Olive Beaupré Miller Papers
Olive Kennon Beaupré was born in Aurora, Illinois on September 11, 1883 to William S. and Julia (Brady) Beaupré. She received her B.A. from Smith College in 1904 and returned to Aurora to work as an English teacher at East Aurora High School for two years. In spring of 1906 Olive met Harry Edward Miller, a salesman for D. Appleton and Company. Soon after meeting Olive, Harry went to work for Lamson Brothers, a Chicago-based grain brokerage firm. Olive and Harry were married October 2, 1907. Olive took her first trip to Europe in 1908, accompanied by her friend Alene Williams and a tour group, and later by Harry. After returning to the United States, Harry was transferred by Lamson Brothers, to Streator, Illinois, where he and Olive joined the Christian Science Church. In 1912 the Millers moved again when Harry was transferred to Chicago, Illinois. Their daughter, Virginia Beaupré Miller, was born December 30, 1912.
Olive began writing rhymes and stories to entertain her child, and was encouraged by Harry to publish some of her writings. In 1917, the same year the Millers moved to Winnetka, Illinois, P.F. Volland Company published "Sunny Rhymes for Happy Children." P.F. Volland Company published two more of Olive's works, "Come Play with Me" and "Whisk Away on a Sunbeam," in 1918. Olive also published selected stories and poetry in The Christian Science Monitor that year.
In 1919 Olive founded The Book House for Children publishing company with Harry, who had resigned from his job with Lamson Brothers. Olive assumed the title of Editor and published all of her subsequent material either solely through The Book House or through other publishing companies in conjunction with The Book House. On May 8 of the same year Olive had her second child John who died shortly after birth. Olive published the first volume of the My Book House series in 1920 and set to work on the next five volumes. My Book House became the first collection of children's literature which was graded to meet the developing needs and abilities of children at different ages.
The Millers returned to Europe with Virginia in 1923 to collect material in France and Holland for her next series of children's books. The first two volumes of My Travelship: "Nursery Friends from France" and "Little Pictures of Japan," were published in 1925, followed by "Tales Told in Holland" in 1926. In December of 1927 the Millers went to the Eastern Mediterranean where Olive collected material for more books, traveling through Egypt, Palestine, and Arabia.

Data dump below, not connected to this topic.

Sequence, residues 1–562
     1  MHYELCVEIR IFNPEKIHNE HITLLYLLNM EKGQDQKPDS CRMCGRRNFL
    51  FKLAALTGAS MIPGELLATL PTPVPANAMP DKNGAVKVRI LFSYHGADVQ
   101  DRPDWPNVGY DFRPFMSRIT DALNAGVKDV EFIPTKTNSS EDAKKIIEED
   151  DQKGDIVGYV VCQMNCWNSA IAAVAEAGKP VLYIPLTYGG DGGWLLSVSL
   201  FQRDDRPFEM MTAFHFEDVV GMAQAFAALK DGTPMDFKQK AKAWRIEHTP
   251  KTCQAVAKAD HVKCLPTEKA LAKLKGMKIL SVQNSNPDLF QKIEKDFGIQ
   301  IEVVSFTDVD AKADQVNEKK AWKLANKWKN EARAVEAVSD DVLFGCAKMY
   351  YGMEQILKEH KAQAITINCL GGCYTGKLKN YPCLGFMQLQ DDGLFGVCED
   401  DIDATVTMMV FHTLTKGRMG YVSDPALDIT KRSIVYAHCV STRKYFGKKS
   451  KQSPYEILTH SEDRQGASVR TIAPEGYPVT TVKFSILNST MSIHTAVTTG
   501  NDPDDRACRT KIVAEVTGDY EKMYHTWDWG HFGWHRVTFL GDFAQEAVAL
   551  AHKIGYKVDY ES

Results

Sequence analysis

Olive began publishing the nine volume series A Picturesque Tale of Progress in 1929. She spent the next year making trips to the Southwest U.S., Mexico, Guatemala, and Yucatan. In 1931 she returned to Europe to gather more material in Germany, Austria, and Yugoslavia. In 1933 Engines and Brass Bands was published by Doubleday Doran, and in 1934 Olive revised My Book House, expanding the series from six volumes to twelve.
Her involvement in introducing sex education to public schools at Winnetka, Illinois led Olive to write an article in the June 1934 edition of Childhood Interests, A Digest for Parents and Teachers entitled "How Mothers and Fathers May Tell Children the Facts of Sex," and in 1935 she collaborated with George L. Bird to edit the book How Life Begins.
When Olive and Harry were divorced in May 1935, he resigned his position as President of The Book House. In addition to being Editor, Olive was elected Vice-President by the Board of Directors, who hoped that this post would keep her from pursuing a more managerial role in the company. Olive achieved the position of Chairman of the Board in 1939 and held it until 1954. In 1939 Olive published Heroes, Outlaws and Funny Fellows with Doubleday Doran, and Heroes of the Bible a year later with Dickson Publishing Company.
The Book House for Children was sold to United Educators in 1954, and moved in 1955 to Tangley Oaks at Lake Bluff, Illinois. Olive remained Chairman of the Board in an advisory capacity until she retired in 1962. Then she moved to Tucson, Arizona where she lived with her daughter Virginia (Miller) Read and family until her death on March 25, 1968.